English Literature and Film first year modules

Compulsory modules - English Literature

Literary Worlds 900-1770

This module provides an introduction to a wide range of texts---including both prose and verse— across a broad transhistorical period. The aim is to introduce students to a spectrum of texts and genres from the earliest writing in English to the invention of the novel in the early- to mid-eighteenth century. Building on the work of ‘Literary Worlds 1770-Today’, this module expands in depth and breadth the exploration of key aesthetic and cultural developments that shaped the development of literature during this earlier and less-familiar period. The module will be arranged in three main blocks corresponding to key historical and literary periods within the range of c. 900 to 1750.

Literary Worlds 1770-Today

This introductory module offers students a broad chronological survey of the literary history of the modern age. Students will explore a diverse array of texts – including prose, verse and drama – written in the English-speaking world between the middle of the eighteenth century and the present. The module is designed to introduce key aesthetic and cultural developments that shaped literary production during this period and train students in methods of research and analysis at university level. Lectures will frame set texts as (1) representative examples of specific literary-historical moments and (2) case studies for particular modes or techniques of writing and analysis. Seminars will guide students to achieve a nuanced understanding of literature post-1770, develop discursive and analytical skills essential to an undergraduate degree, and undertake formative work towards an assessed portfolio of writing tasks. The module aims to foster students’ understanding of significant topics and approaches, helping them to develop an appropriate critical vocabulary, versatile knowledge of literary history, and a flexible and accurate analytical style.

Critical Environments

This module introduces students to some of the contextual applications of literary analysis, the ‘critical environments’ which the study of literature reflects and influences. Whereas ‘Literary Worlds’ focuses on literary history of the works studies, ‘Critical Environments’ focuses on critical reactions to those works, be they from a human rights perspective, ethnic studies angle, eco-critical view, etc. The module draws on the research of scholars in the Department to begin making links between the study of literary works and the world beyond.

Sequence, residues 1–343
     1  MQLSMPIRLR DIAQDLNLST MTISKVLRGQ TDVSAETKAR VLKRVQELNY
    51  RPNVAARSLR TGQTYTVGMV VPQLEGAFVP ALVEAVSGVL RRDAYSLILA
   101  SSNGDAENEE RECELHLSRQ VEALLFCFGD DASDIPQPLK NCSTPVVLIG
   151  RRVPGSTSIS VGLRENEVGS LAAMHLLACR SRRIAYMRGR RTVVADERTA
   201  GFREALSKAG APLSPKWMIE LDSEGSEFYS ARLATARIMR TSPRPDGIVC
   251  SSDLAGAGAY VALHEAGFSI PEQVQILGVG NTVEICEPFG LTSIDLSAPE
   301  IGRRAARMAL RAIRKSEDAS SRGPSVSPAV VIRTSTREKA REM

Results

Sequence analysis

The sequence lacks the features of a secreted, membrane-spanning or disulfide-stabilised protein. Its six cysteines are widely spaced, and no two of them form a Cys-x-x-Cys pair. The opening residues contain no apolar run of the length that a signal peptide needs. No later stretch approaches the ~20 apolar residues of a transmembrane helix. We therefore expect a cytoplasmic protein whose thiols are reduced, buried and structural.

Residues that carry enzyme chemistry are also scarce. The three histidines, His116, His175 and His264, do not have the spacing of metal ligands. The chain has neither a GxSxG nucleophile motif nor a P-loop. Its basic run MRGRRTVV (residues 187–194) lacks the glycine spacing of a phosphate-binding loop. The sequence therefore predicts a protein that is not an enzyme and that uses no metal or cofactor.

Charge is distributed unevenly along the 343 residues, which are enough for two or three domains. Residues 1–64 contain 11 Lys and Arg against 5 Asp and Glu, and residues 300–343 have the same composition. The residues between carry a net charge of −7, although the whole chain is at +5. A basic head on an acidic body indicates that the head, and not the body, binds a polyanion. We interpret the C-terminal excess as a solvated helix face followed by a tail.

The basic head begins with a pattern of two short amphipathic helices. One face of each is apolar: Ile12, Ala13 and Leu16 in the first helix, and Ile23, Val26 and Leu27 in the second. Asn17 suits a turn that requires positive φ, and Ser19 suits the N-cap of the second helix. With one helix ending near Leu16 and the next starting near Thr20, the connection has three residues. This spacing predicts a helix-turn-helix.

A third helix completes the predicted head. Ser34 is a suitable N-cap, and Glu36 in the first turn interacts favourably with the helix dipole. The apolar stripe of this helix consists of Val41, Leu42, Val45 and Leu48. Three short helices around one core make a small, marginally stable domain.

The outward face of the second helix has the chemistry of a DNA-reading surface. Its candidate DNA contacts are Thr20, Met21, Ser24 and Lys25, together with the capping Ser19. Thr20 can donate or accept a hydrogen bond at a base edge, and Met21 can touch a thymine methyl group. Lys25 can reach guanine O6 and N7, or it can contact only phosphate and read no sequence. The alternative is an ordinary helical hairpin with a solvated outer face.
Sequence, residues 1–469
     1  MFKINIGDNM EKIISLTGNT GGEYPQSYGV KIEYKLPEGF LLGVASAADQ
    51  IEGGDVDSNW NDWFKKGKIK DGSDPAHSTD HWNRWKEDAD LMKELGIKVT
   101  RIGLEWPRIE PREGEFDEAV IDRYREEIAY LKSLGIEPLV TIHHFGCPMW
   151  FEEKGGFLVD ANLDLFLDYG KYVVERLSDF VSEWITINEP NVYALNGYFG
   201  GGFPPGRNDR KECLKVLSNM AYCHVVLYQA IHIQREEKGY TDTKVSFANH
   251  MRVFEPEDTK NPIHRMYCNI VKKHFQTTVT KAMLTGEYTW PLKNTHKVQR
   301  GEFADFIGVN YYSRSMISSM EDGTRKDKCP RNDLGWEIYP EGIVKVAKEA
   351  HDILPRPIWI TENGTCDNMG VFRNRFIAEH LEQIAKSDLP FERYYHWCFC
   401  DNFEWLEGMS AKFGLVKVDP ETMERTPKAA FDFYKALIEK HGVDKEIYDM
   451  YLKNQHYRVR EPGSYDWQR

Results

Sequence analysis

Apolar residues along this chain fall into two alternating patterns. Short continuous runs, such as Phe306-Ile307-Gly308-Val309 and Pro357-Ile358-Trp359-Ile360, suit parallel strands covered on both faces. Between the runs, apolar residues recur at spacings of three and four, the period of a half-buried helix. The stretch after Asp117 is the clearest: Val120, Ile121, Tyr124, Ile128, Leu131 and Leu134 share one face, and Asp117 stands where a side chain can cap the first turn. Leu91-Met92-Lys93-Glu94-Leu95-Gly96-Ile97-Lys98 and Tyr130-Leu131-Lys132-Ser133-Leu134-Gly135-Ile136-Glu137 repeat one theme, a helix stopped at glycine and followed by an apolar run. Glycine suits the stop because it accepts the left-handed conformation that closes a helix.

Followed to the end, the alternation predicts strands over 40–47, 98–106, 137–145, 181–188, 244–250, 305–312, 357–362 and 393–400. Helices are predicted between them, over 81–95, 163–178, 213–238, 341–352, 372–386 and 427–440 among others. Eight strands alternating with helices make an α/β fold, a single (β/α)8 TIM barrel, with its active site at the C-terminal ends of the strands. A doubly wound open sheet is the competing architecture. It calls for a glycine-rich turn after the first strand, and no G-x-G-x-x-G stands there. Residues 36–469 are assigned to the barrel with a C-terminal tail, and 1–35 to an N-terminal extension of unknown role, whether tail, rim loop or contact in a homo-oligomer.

Cultural Environments

This module introduces students to some of the socio-cultural contexts of literary production, the ‘cultural environments’ that may not be immediately obvious to new scholars. Whereas ‘Literary Worlds’ focuses on the literary qualities of the works studied, ‘Cultural Environments’ focuses on the broader social, linguistic, and cultural circumstances that gave rise to those works. The module draws on the research of scholars in the Department to begin making links between the study of literary works, the moments in which they were written, and their relevance for readers today.

Compulsory modules - Film

Film Culture and Media Skills

Film Culture and Media Skills will provide an introduction to film, television and digital media in its industrial contexts.  Seminars will focus on the ways in which films are made, sold and consumed at regional, national and international levels.  


This module is designed to equip students with a range of filming and editing skills appropriate to the task of completing a short audiovisual project. Sessions will be structured to deliver training in the various elements of film production through a series of class assignments and interactive tutorials. Students will work in groups on a particular theme or idea and will take responsibility for developing this project into a short-length film. The module will aim to develop students’ practical skills alongside critical skills, in keeping with the overarching structure and format of the English BA and related programmes. To this end, sessions will also incorporate a consideration of film texts, encouraging students to analyse existing works in relation to their own practice.

Introduction to Film: Approaches and Methods  

Introduction to Film Studies: Approaches and Methods will engage critically with the various ways in which film is evaluated and understood alongside various theoretical, social and historical contexts. Individual film texts will be studied in detail and in relation to these underlying concerns and interests. 

Introduction to Film: Styles and Forms 

Introduction to Film Studies: Styles and Forms will embed the practice of film analysis, with a specific focus on ‘close reading’ to evaluate the specific formal and stylistic of individual films. The critical vocabulary of film studies will be introduced and utilised within student work. Aspects of film history will also form the basis of this module, as texts from particular periods are studied in order to build a sense of cinema’s chronology.